Brian Mawhinney, chairman of the Host City selection panel, named 17 stadiums in 12 candidate cities and towns as potential venues should FIFA award the 2018 event to England at next December’s vote.
The possible venues include Wembley Stadium and Arsenal’s Emirates Stadium in London, with either Tottenham Hotspur’s new White Hart Lane stadium or the 2012 Olympic Stadium to be added at a later date.
The list will eventually be reduced to around 10 or 12 stadiums by FIFA who have the final say and will decide on the host nation in Zurich next December.
Mawhinney said matches could also be played at Sunderland (Stadium of Light), Birmingham (Villa Park), Manchester (Old Trafford and City of Manchester Stadium), Nottingham (new Nottingham Forest stadium), Leeds (Elland Road), Sheffield (Hillsborough), Newcastle/Gateshead (St James’ Park), Bristol (new Ashton Vale stadium), Plymouth (Home Park), Liverpool (Anfield or new Anfield) and Milton Keynes (Stadium MK).
Bids from Hull, Derby and Leicester failed to make the list, while the selection panel also decided against using Everton’s Goodison Park, Bramall Lane in Sheffield and Birmingham City’s St Andrews ground.
“We have chosen the venues that will offer the lowest possible risk to FIFA,” Mawhinney told reporters.
“In our view the present Anfield in Liverpool with some modifications and modernisation would be adequate.
“Liverpool have aspirations for a new stadium but their time frame does not coincide with ours. So we have put in both.
“Likewise, with Tottenham’s new White Hart Lane ground and the Olympic Stadium. We have seen pictures of the new White Hart Lane stadium and it will be splendid but at the moment it is at the planning stage.
The cities named on Wednesday will be presented as part of England’s final submission to soccer’s world governing body FIFA on May 14.
“The Olympic Stadium debate is still going on and we are not in charge of that. There are those who think it should be an 80,000-seater stadium after 2012 catering for events that are commensurate for a stadium of that capacity,” Mawhinney said.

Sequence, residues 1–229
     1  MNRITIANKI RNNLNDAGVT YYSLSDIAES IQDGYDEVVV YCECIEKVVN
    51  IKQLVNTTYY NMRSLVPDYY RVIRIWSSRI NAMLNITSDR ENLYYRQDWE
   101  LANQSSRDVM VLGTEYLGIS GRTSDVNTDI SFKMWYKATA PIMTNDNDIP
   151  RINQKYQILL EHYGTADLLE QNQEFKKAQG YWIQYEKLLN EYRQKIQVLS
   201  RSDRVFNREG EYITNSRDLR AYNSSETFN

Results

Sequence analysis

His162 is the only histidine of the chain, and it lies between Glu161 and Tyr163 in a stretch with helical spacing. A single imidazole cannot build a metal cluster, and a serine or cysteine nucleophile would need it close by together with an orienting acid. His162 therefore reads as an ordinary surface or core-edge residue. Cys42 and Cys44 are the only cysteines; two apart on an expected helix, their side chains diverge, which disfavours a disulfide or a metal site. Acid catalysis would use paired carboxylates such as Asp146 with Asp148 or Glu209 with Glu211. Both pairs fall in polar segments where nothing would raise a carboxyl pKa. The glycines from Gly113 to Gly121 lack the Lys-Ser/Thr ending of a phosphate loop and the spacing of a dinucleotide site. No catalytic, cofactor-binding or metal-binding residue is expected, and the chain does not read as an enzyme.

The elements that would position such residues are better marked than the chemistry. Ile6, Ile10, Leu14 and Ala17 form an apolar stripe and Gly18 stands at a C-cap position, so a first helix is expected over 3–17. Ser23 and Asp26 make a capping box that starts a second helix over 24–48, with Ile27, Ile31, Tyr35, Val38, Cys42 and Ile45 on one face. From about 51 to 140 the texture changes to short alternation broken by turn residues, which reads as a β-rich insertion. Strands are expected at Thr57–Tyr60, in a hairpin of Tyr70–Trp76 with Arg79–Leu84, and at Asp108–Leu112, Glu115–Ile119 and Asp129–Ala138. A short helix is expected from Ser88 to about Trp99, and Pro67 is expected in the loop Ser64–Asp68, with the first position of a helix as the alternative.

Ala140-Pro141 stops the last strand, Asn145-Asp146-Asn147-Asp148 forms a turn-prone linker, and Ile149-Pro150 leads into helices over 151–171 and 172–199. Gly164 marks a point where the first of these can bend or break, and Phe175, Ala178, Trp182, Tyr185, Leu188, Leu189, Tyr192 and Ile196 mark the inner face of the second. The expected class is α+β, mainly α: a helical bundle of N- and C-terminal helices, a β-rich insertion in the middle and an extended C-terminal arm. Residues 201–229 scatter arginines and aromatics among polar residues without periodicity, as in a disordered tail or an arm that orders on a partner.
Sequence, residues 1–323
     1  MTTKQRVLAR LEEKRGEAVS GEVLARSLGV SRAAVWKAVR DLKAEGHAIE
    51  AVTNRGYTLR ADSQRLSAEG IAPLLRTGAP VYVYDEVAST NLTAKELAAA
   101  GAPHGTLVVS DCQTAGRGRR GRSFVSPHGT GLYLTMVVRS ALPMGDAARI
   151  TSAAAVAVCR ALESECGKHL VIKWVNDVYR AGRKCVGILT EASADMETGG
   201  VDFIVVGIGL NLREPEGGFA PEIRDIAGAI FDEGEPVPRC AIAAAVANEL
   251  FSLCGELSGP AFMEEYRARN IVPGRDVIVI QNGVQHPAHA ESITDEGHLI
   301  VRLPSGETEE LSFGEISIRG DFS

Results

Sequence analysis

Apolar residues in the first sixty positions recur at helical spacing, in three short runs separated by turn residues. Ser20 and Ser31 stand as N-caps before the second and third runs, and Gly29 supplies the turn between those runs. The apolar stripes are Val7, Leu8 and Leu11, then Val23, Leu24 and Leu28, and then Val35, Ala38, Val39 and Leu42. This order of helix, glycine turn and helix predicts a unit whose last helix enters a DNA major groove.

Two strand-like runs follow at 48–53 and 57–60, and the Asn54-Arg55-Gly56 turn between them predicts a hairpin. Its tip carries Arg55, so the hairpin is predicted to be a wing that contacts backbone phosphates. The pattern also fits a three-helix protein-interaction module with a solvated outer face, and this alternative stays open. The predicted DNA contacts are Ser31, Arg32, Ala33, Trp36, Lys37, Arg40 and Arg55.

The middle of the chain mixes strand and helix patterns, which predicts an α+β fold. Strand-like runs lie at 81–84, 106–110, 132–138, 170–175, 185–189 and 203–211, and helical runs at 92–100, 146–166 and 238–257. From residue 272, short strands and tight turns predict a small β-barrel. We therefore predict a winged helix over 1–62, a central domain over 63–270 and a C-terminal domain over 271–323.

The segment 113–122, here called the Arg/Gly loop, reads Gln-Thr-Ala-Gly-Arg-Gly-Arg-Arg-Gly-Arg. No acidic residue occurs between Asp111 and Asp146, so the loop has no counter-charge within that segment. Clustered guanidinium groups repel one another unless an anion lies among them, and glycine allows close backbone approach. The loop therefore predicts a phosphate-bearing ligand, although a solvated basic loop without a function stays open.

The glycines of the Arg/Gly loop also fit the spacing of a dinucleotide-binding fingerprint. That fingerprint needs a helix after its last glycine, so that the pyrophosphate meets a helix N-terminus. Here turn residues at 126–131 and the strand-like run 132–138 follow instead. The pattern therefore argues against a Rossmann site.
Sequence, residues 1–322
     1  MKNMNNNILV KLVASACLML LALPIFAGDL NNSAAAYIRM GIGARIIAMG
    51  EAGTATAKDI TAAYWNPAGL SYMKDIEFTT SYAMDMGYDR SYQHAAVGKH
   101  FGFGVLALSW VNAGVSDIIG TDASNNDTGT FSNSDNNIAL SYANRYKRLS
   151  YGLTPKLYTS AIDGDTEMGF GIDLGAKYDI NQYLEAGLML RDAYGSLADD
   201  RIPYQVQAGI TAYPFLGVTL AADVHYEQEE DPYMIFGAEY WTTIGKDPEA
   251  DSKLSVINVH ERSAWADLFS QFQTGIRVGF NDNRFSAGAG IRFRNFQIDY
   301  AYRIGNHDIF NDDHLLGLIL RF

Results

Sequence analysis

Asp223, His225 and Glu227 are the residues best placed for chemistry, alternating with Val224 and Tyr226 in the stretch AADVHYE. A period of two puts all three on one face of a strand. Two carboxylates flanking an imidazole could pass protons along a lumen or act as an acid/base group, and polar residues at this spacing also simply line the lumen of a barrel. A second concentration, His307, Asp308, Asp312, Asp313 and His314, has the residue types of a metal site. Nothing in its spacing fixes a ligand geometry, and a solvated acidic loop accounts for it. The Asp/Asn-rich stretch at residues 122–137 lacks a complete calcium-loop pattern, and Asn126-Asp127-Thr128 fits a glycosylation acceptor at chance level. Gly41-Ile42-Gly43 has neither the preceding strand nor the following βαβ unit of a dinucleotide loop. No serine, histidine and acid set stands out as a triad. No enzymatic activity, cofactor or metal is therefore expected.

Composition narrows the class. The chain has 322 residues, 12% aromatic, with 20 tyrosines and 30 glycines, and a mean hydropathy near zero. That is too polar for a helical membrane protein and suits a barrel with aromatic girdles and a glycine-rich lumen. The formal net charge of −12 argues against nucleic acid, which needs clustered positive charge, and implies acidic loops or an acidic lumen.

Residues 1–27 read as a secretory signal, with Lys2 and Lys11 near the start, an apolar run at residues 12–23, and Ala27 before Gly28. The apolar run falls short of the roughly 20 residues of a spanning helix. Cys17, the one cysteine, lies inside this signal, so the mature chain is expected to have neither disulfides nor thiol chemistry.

“Others that it should be cut back to 25,000, but we don’t get to make that decision.”
The venues of Plymouth, Bristol and Milton Keynes are not traditional soccer strongholds but he said one of the aims of the bid committee was to spread matches around the country and all deserved to be included in the list.
Between them the candidate cities have made more than 300 million pounds ($490 million) worth of financial guarantees towards the World Cup if it comes to England with 100 million towards legacy and urban regeneration projects.
The funding is in addition to the 300 million pounds of FIFA-required guarantees signed off by the British government on Tuesday.
England is one of 10 bids for the 2018 and 2022 World Cups which will be jointly announced by FIFA next year.
Australia, Netherlands/Belgium, Russia, Japan, United States, Spain/Portugal and England are bidding for both 2018 and 2022 while Qatar, South Korea and Indonesia are bidding for 2022 only.
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